Josie (2018)

Josie‘s biggest sin—and there are many—is that it’s kind of dull. Not all the way boring or uninteresting, but the type of movie that lulls you to sleep. It’s an intentional decision by director Eric England, who is hoping to make the film emulate the feel of its small, sleepy, Southern town. And it wants to do that because then you’ll be so surprised by its final act twist that you’ll applaud it where applause isn’t actually earned. The film wants to pull one over on you by being so innocuous that you stop paying attention.

It’s about two people, really. The first is Hank (Dylan McDermott), who is a loner who looks after turtles and works as a guard at a high school—sitting in his truck, listening to country music, and looking out for troublemakers. He’s got a past and has moved to this town in hopes of avoiding it. Our second character is the eponymous Josie (Sophie Turner), who just moved into town. They both live at a sad motel complex. She winds up attending the high school at which he works.

They strike up something of a friendship. The neighbors look down on it; she’s a high school student and he’s a man in his 40s, and maybe there’s something untoward going on. Josie also befriends Marcus (Jack Kilmer), who causes lots of trouble for Hank. There isn’t much more to Josie until the ending, which I won’t spoil for obvious reasons. Much of it follows these people as they talk about nothing in particular while participating in activities that don’t even matter to them, let alone us.

It’s all designed to lull you into a false sense of security until the final twist occurs. If you’re paying attention, you won’t be surprised what happens. If you aren’t paying attention, and the film succeeds in disguising what it ultimately wants to do, then you may just feel cheated. When we’re actively not caring about what’s going on for over an hour, you can’t just flip the switch with a turn and hope to win us over at that point. And that’s not even mentioning how it feels preposterous in hindsight. Which it absolutely does. It might reframe previous actions but doesn’t put them in positive, purposeful, light.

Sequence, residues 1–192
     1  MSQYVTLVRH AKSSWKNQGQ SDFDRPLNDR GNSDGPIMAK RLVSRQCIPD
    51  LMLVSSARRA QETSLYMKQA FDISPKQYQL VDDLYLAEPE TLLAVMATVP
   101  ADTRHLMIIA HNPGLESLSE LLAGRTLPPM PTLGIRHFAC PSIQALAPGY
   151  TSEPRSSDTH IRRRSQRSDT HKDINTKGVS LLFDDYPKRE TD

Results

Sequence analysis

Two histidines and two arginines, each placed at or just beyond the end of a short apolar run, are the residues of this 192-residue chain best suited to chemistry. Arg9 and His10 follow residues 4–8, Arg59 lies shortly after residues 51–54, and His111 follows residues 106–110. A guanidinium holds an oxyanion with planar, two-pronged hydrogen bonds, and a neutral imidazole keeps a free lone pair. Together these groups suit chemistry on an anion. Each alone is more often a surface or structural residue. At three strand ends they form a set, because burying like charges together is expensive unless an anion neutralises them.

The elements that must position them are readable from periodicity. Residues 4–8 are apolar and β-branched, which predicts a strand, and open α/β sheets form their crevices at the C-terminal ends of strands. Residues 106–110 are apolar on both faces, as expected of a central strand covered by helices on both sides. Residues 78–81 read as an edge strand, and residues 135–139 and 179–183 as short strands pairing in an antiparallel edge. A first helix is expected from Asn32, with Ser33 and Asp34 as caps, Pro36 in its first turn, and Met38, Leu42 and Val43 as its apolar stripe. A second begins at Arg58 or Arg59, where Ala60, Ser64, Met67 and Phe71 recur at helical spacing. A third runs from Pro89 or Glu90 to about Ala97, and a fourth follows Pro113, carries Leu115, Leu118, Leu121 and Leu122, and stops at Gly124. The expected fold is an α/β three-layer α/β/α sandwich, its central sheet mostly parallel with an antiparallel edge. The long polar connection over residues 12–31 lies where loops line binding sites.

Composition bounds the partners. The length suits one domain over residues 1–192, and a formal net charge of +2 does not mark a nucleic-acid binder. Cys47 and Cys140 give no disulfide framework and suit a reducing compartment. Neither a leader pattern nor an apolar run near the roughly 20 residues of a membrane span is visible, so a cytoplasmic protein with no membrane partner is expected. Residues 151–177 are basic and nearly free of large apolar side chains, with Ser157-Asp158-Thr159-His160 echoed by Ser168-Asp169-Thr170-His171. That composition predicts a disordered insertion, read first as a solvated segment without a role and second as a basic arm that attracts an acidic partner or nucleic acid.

The acting isn’t anything special, either—although it’s hard to note if that’s the actors’ faults or because of something else, like the screenplay which forces them to talk about turtles more than any other film in recent memory. Sophie Turner winds up being little more than something to look at as far as most of the characters—and the camera—are concerned, while Dylan McDermott has to act all stoic and not-creepy about their friendship, which is mishandled. It comes across as juvenile. Jack Kilmer’s slimeball is probably the most fun Josie has to offer.

Josie is a slow-paced movie that feels much longer than it is and has a dumb twist at the end that hopes to surprise us and make us care but instead has the opposite effect. It tries to lull us into a false sense of security before pulling the blanket off to reveal its true intentions, but by that point most people will have given up caring—and those who haven’t will see it coming from a mile away. While mimicking its sleepy small-town feel is atmospheric, it’s ultimately all for naught. It’s too bland and slight.

Conclusion: Josie is a slow-burn that isn’t worth the wait.

Recommendation: It’s hard to imagine Josie being worthwhile for anyone except massive fans of its actors.

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